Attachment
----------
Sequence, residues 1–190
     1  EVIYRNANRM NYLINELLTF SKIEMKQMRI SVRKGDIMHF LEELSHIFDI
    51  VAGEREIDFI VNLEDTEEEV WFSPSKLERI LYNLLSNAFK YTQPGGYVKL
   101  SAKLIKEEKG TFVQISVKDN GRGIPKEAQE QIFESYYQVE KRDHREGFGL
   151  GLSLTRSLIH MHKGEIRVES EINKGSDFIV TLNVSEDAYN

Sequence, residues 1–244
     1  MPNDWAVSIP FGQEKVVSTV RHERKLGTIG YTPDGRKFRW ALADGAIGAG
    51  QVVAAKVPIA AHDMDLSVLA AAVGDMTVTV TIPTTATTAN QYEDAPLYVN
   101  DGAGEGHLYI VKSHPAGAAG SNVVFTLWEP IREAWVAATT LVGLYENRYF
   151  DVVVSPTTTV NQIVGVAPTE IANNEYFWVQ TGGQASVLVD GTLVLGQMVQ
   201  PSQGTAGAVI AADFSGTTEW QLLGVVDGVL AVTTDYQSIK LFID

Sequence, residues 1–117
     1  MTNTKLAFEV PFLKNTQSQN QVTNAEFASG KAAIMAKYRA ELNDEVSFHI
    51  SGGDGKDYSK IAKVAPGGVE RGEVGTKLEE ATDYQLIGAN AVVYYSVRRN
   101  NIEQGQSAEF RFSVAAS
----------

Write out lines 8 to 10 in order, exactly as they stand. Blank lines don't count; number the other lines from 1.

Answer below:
    51  QVVAAKVPIA AHDMDLSVLA AAVGDMTVTV TIPTTATTAN QYEDAPLYVN
   101  DGAGEGHLYI VKSHPAGAAG SNVVFTLWEP IREAWVAATT LVGLYENRYF
   151  DVVVSPTTTV NQIVGVAPTE IANNEYFWVQ TGGQASVLVD GTLVLGQMVQ